My Homeschool Objectives

After considerable research which left me feeling more overwhelmed and frustrated than enlightened, I’ve decided to finalise my brand of homeschool ideas once and for all.

My target subjects are yin and xxm who just turned two in Sept. Xmm will be involved in the picture when he is two. For him now, it should be all about fun and discovery of his immediate environment.

For yin, the objective is for her to learn more about the English Language and to develop a love for the language itself. In a bid to prepare her for the Admission Exercise for International Students (AEIS) in Oct this year, we intensively tutored her in a bid to increase her standard to the level which she was sitting for – primary 5 & 6. It was a near impossible task. Her level was somewhat equivalent to our primary one standard when we first assessed her. And we expected her to improve to at least a P4 level all within 4 months?!? We drilled her with worksheets and past year school papers, with minimal results. Thankfully, we made a radical idea to give up the examination this Oct and instead enroll her in a proper program in a private school. I think we have overestimated her abilities. We have chosen Coleman College which we surveyed has a good track record in their AEIS preparatory course.

For xxm, the objective is exposure and to inculcate a love for reading and learning. 

The philosophy that I will try to abide by is the Charlotte’s Mason’s philosophy — “Education is an Atmosphere, a Discipline, a Life.”

The following are quoted from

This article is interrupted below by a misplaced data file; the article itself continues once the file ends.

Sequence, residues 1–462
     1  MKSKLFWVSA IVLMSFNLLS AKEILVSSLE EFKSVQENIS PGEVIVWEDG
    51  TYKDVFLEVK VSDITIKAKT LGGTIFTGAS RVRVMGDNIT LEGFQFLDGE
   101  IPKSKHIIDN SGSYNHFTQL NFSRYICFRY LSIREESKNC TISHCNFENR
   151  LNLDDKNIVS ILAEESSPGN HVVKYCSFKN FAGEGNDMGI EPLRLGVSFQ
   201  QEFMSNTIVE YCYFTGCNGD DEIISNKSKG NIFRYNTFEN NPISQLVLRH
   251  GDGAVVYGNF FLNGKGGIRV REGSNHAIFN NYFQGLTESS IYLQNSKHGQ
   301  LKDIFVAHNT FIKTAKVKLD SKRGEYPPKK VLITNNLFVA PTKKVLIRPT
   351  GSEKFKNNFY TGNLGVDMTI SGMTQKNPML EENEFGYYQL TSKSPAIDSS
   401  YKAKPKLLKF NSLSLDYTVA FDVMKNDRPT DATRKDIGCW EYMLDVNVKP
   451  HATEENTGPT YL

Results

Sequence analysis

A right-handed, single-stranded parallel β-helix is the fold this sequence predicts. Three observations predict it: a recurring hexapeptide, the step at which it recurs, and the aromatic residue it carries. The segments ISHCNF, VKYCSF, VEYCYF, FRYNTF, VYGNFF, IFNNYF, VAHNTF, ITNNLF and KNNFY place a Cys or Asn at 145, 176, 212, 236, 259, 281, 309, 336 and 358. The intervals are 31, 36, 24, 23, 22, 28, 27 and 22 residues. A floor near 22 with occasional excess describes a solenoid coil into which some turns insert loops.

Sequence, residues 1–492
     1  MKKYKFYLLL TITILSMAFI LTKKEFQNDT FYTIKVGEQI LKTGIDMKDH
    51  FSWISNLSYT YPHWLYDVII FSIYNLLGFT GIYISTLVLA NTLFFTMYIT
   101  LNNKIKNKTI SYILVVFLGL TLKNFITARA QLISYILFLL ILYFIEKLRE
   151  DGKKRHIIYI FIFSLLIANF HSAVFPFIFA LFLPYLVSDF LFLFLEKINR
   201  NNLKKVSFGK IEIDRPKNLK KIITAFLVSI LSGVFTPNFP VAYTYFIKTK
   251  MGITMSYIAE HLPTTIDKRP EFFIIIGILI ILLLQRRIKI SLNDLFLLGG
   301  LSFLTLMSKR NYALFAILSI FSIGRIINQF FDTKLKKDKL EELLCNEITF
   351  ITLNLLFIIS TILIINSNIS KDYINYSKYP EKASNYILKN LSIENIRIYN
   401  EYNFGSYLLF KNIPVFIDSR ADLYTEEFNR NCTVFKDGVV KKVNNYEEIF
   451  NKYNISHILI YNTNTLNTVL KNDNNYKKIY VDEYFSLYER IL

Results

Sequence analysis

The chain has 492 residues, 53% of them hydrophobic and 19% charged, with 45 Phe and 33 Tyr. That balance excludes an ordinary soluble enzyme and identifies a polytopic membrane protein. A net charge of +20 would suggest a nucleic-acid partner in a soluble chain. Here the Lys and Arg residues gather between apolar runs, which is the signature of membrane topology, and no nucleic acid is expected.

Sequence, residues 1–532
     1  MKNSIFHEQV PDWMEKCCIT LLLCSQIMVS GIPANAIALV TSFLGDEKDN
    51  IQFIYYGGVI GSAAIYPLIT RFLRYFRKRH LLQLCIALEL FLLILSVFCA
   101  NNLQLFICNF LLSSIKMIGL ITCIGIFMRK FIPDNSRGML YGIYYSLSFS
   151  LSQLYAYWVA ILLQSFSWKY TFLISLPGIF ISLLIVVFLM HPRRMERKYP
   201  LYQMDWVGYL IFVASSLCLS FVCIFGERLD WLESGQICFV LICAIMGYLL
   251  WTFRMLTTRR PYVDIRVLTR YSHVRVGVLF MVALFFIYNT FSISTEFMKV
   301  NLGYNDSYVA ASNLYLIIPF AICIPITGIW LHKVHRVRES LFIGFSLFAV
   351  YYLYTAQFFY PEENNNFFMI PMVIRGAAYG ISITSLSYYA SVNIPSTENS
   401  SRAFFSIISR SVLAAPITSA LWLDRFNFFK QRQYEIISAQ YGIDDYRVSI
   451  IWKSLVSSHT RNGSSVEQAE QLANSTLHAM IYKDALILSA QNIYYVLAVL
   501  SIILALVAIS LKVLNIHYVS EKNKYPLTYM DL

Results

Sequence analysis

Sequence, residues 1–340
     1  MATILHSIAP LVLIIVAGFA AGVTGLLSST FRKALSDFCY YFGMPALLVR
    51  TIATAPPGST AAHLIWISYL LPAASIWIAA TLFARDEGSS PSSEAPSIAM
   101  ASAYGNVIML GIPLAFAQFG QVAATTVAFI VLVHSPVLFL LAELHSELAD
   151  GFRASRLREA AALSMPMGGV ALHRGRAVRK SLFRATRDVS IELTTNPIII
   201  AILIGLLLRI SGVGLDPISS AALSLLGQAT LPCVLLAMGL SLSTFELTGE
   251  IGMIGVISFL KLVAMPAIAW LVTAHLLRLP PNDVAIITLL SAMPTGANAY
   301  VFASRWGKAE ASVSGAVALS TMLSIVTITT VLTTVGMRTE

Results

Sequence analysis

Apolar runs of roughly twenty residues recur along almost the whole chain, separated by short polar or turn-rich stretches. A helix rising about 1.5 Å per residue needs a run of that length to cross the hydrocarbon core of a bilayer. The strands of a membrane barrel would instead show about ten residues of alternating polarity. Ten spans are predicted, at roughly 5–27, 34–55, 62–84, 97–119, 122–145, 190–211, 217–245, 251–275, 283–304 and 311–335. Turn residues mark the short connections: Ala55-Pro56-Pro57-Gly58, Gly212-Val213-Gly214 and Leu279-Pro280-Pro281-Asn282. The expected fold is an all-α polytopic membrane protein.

By “atmosphere,” Charlotte spoke of the environment our children grow up in. She knew that the ideas that rule our lives, as parents, will have a profound impact on our children. Some of those rules we are completely aware of; others we may not realize are controlling our lives. Nevertheless, “the child breathes the atmosphere emanating from his parents; that of the ideas which rule their own lives” (Vol. 2, p. 247). By “discipline,” Charlotte emphasized the importance of training our children in good habits—habits that will serve them well as they grow. In fact, she likened good habits to railroad tracks that parents lay down and upon which the child may travel with ease into his adult life. Good habits are a powerful influence on our children and must play an important part in their education. “It rests with [the parent] to consider well the tracks over which the child should travel with profit and pleasure” (Vol. 1, p. 109). By “life,” Charlotte wanted to remind us that “all the thought we offer to our children shall be living thought; no mere dry summaries of facts will do” (Vol. 2, p. 277). And the methods that Charlotte used presented each subject’s material as living ideas. Here is where the reading, writing, and arithmetic come in, along with all the other school subjects. But notice two important points: first, they are presented as living thoughts; and second, those school subjects occupy only one-third of the big picture of education.


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